REVELLERS have been warned not to get the new year off to a bad start by picking up a conviction for drink driving or “ending up as a grim statistic” of the death and injury toll from booze-related accidents.
With preparations to welcome in 2012 on Saturday night getting into full swing, Road Safety GB North East is reminding drivers of its campaign to highlight the dangers of drinking and driving over the festive period.
The organisation distributed a series of hard-hitting posters in the run-up to Christmas to target irresponsible motorists in a bid to reduce accidents and make the North-East’s roads safer.
The thought-provoking images depict situations that law-breaking motorists could find themselves in and highlight the possible consequences of flouting the law.
The posters are part of a joint campaign involving Road Safety GB North-East, which represents local authority road safety officers, bars, pubs, clubs and the Best Bar None initiative.
Paul Watson, Hartlepool Council’s Road Safety Officer and Chair of Road Safety GB North-East, said: “We want to make drivers think twice, so that if they find themselves in a situation that could result in them driving illegally they decide against it.
“The consequences of drink-driving, can be far reaching.
“At best, drivers could end up with criminal records that could seriously impact on their lives.
“The worst case scenario is that they, and possibly other innocent road users, become involved in a serious accident and end up as grim statistics.”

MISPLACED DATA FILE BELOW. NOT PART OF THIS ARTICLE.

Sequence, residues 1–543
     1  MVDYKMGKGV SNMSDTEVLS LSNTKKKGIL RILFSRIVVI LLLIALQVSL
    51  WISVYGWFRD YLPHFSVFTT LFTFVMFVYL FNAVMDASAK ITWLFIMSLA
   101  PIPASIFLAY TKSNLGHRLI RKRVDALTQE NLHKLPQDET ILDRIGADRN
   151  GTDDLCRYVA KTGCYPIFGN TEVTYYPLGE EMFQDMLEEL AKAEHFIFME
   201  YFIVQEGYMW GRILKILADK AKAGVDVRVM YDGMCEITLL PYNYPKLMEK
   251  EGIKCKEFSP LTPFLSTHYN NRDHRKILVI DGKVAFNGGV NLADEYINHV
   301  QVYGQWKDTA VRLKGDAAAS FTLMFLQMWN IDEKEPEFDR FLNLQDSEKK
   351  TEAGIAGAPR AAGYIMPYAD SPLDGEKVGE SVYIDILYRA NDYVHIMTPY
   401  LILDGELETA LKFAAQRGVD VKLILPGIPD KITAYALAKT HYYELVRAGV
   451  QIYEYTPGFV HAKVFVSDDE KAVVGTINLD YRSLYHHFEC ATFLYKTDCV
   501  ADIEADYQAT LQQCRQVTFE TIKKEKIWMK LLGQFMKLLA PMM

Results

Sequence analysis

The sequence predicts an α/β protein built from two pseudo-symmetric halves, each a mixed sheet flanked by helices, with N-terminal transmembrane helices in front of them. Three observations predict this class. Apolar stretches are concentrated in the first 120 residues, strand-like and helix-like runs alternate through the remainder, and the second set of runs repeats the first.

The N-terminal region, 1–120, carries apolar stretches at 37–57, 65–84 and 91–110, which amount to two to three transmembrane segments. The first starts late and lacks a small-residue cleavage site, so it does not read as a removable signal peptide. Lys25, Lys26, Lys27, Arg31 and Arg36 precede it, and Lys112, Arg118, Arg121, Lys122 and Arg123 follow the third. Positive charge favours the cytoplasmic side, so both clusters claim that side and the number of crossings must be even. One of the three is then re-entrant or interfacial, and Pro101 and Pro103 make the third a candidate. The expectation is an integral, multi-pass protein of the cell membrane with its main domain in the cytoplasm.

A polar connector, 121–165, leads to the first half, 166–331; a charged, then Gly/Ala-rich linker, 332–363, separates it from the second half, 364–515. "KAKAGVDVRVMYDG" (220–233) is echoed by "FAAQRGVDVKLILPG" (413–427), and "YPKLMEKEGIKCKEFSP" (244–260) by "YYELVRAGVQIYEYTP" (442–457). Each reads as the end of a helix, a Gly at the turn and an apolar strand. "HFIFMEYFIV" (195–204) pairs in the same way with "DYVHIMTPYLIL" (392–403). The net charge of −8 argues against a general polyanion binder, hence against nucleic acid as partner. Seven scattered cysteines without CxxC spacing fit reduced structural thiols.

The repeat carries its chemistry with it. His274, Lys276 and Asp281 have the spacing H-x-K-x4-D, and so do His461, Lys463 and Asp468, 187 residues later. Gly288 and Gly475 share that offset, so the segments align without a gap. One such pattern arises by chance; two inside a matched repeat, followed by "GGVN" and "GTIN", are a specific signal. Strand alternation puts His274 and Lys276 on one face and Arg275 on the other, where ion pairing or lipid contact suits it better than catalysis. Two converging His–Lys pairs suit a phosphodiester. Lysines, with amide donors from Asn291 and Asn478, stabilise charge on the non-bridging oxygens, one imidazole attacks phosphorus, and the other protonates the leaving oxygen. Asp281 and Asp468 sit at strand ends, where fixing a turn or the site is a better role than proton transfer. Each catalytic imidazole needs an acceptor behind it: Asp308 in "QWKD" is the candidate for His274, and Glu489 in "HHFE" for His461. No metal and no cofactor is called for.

And police are reminding motorists to be particularly aware of the dangers of driving the morning after a night out when they might still be over the limit and could face hefty fines or even be banned from driving if found to be over the drink drive limit.
The Cleveland and Durham Specialist Operations Unit, which has co-ordinated the annual Christmas and new year drink and drug drive campaign, has reminded drivers that the campaign will continue to run throughout December and into the new year.
It will include the random stop checking of vehicles at all times of the day and night.
Inspector Mick Little, who is also a member of the Cleveland Casualty Reduction Group, said: “During December, officers across both forces will be carrying out random checks on drivers at all times of the day and night in a bid to enforce the law.
“We work all year round to try to get the message across, but some choose to ignore our pleas.
“Drinking alcohol or taking drugs and then driving is totally unacceptable and irresponsible and could result in a fine, a driving ban, serious injuries or even fatalities.”
In addition to the random checks being carried out as part of the drink drive campaign, officers will also target areas which are known for drink-related collisions and drink or drug drive offenders.
Between 2006 and 2010 there have been an estimated 2,674 casualties on roads in the North-East that resulted from a collision involving a suspected drink driver.
Of these casualties, 2,203 were slight, 418 were serious and 53 were fatal.